What are three or four books you feel that every Christian absolutely needs to read?
That’s a good question. I guess the Bible goes without saying?
We’ll assume the Bible. That’s like the “Who would you like to have dinner with?” question. If you’re American and Republican you have to say Jesus, right?
[Laughs]. That’s right. I think that one book that has been tremendously helpful to me is a book by this guy Steve Turner, it’s called Imagine. Steve Turner’s a guy who studied at L’Abri under Francis Schaeffer, and he wrote this book. It’s probably the most thorough and biblical and liberating treatment of how a Christian might engage in the arts. It is one of those books that will take the roof off the house. I read it every couple of years just to remind myself of what’s true because when it comes to the arts the church has really mixed up ideas about what the role of art is in culture and especially church culture. So that book really has blown my mind a number of times and I think that should be required reading for anybody.
A book that really blew my mind when I first started studying theology on my own is a book by a guy named Arthur Pink. It’s a book called The Sovereignty of God. I just didn’t know what to do when I read that book. It just freaked me out. I think quite a bit of Arthur Pink. I think he was a tremendous writer.
Gosh, there are so many good books! I’m trying to think of what books I’m reading currently. I think another good, required reading, for believers would be just about anything by Wendel Berry. I don’t know if our readers will be familiar at all with Wendel Berry. He is a guy who lives in Kentucky and he’s a farmer. He’s an older guy, he’s a believer, and he writes the most tremendous books. He writes fiction, he writes poetry, but what I have mostly read are his collections of essays. He basically speaks to a lot of social issues but does it very subversively from a Christian worldview. He’s a great guy to recommend to folks who are not following Jesus as well because his worldview so permeates what he writes but he doesn’t write in a way that [indiscernible]. He writes about everything from war to agriculture to you name it. He’s tremendous. So just about anything by Wendell Berry. I’d probably recommend that a good starting place would be his essay collection called The Citizenship Papers. Really, really good.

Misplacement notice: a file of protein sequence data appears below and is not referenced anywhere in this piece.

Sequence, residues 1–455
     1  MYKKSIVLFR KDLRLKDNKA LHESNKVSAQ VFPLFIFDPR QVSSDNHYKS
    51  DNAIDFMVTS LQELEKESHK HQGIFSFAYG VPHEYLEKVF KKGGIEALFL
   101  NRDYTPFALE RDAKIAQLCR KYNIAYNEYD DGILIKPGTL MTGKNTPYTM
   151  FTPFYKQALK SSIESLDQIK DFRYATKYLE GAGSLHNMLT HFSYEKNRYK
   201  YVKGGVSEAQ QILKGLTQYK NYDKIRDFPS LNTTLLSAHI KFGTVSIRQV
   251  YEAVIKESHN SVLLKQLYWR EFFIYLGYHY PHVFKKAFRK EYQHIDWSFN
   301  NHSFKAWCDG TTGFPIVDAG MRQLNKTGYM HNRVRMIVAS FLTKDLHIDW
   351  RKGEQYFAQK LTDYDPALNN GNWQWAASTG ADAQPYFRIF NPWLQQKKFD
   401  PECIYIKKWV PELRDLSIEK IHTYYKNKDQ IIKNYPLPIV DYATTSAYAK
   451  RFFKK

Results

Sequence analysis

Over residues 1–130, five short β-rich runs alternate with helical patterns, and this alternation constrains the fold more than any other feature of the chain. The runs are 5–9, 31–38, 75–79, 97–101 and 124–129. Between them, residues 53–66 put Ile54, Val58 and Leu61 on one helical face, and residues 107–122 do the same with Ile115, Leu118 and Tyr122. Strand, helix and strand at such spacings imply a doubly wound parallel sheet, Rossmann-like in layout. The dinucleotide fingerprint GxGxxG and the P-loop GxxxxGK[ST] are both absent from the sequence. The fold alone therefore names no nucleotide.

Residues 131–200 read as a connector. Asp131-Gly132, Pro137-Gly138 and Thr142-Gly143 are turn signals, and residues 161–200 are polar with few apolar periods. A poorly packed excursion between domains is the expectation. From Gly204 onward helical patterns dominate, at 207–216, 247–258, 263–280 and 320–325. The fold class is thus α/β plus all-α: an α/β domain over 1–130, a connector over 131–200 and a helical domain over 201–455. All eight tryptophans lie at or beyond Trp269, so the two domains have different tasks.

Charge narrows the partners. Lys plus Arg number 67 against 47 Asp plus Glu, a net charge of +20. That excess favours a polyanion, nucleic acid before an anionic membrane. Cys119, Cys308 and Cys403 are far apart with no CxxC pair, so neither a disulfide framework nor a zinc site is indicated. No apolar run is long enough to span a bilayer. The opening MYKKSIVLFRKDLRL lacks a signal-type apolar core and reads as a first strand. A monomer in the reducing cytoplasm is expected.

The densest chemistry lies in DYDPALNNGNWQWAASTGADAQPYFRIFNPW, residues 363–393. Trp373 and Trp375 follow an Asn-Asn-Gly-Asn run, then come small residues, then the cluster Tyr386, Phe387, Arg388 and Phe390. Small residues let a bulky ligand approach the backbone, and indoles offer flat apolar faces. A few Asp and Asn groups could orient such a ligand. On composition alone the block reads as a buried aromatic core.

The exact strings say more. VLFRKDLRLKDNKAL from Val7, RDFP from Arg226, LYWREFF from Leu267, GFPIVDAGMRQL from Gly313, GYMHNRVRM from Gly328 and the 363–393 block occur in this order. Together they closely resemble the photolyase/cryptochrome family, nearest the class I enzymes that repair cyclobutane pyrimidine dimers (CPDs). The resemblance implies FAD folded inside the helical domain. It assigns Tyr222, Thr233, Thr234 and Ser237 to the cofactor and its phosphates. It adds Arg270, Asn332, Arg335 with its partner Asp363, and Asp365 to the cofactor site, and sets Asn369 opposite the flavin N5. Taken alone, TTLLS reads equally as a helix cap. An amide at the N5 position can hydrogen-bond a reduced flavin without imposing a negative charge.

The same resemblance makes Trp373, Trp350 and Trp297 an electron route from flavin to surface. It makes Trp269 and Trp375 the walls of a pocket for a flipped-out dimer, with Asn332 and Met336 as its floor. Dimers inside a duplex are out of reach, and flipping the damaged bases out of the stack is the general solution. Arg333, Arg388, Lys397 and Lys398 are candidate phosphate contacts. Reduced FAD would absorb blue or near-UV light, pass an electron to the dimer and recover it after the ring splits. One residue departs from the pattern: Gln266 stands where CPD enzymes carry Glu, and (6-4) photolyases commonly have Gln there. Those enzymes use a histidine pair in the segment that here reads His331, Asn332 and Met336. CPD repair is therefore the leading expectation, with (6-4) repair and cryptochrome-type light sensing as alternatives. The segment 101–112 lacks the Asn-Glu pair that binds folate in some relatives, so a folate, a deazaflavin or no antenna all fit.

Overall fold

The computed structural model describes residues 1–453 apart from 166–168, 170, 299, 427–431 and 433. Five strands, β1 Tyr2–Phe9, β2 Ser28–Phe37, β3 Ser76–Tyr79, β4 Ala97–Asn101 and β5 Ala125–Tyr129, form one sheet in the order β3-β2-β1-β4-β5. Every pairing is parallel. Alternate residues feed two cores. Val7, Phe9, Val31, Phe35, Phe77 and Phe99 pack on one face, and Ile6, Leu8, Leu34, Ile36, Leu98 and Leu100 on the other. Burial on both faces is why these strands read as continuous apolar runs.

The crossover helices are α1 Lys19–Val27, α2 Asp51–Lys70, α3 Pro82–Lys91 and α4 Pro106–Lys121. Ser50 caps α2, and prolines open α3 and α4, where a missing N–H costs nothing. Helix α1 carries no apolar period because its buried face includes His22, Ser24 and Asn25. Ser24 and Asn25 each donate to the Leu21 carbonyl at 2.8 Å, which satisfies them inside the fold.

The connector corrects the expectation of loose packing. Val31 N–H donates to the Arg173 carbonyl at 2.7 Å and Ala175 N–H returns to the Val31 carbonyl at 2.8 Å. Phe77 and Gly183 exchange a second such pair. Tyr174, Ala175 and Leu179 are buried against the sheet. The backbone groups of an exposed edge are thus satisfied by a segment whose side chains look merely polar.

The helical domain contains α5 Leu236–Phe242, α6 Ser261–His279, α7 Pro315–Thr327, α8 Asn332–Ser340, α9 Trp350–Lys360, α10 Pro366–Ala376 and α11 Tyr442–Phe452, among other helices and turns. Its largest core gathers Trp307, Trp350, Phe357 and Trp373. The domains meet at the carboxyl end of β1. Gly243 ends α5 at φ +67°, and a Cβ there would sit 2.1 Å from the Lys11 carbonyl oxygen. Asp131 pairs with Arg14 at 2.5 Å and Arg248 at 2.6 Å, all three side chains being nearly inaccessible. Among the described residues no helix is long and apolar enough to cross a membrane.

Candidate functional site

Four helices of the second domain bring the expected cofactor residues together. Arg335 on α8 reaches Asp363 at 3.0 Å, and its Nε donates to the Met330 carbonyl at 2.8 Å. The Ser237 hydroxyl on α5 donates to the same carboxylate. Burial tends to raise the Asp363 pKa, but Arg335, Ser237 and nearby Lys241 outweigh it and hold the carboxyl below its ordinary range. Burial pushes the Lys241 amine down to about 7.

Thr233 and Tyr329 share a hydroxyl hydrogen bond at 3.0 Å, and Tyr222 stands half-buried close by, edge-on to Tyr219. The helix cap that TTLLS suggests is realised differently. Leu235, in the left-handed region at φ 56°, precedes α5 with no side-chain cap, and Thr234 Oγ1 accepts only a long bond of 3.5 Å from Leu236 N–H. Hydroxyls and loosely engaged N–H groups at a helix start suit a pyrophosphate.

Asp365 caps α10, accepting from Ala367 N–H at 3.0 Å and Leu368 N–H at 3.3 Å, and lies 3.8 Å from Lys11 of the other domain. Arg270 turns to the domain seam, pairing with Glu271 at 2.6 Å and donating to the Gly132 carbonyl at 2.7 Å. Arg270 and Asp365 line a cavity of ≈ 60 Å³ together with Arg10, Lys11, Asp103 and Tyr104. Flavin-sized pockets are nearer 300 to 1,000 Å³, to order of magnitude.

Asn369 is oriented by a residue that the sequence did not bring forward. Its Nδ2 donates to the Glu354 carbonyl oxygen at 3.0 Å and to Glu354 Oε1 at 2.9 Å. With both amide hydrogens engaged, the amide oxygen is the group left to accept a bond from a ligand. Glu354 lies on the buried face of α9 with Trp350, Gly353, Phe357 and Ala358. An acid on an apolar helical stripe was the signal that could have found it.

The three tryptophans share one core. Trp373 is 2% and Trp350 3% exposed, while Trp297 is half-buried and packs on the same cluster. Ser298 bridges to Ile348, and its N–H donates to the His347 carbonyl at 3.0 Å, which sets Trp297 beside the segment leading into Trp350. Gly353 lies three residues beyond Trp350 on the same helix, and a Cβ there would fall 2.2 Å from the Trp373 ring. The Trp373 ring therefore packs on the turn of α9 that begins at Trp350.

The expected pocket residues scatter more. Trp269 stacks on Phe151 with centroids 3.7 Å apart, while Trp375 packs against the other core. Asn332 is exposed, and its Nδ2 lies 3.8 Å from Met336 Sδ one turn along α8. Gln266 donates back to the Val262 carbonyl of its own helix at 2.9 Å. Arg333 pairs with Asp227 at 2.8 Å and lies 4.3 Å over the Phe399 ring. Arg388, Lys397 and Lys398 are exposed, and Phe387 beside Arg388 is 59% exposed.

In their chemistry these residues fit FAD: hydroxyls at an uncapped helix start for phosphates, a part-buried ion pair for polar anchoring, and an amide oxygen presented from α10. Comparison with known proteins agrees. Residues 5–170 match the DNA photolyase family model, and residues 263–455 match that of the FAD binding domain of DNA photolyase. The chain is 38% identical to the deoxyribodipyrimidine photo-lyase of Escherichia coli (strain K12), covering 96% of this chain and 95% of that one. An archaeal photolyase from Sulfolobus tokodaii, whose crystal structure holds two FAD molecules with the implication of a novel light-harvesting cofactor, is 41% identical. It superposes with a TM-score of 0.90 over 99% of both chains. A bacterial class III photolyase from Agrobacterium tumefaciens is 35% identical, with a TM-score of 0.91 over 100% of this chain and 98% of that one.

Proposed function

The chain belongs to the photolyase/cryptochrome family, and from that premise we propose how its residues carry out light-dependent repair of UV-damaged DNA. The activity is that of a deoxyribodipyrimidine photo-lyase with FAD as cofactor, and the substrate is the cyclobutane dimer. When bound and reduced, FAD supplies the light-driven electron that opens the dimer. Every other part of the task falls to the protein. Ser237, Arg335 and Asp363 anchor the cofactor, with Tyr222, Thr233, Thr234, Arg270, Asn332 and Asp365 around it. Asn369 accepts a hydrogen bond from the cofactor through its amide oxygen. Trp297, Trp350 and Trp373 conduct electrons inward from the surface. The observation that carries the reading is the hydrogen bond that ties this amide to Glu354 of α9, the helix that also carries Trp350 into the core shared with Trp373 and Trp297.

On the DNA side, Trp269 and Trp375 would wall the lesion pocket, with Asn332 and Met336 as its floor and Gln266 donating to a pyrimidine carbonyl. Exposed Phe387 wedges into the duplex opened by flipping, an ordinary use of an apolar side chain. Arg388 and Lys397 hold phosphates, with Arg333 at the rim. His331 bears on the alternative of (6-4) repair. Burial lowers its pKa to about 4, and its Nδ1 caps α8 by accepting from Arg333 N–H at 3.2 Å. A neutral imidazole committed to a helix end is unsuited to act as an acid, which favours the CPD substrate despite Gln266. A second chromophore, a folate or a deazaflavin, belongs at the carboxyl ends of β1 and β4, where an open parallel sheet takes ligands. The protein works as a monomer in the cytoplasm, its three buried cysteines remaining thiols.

I was listening to a podcast that was from the DVD you released recently. You said there about Don Miller that he is a guy who says things in a way people understand. So many of the words that Christians use are just “Christianese” - it is guys like Don Miller who say them in a way people can understand…
…I definitely recommend Don Miller. Don is a good friend and a tremendous writer. Blue Like Jazz certainly struck a chord with a lot of people and he’s definitely a guy you want to keep your eye on. He’s going to be dangerous in a few years because he’s getting so popular and people are really taken with his books. I’ve talked to Don recently about ideas about his future books he’s going to write and he is just going to turn things upside-down. He is going to have the power to do it because he’s really doing well, he’s sold a lot of books, and the Christian bookstores are going to have to carry them. I appreciate people who are willing to risk platforms they’re on in order to say things that might get them knocked off and he’s certainly going to do that. And he’s going to be doing a lot of that over the next few years.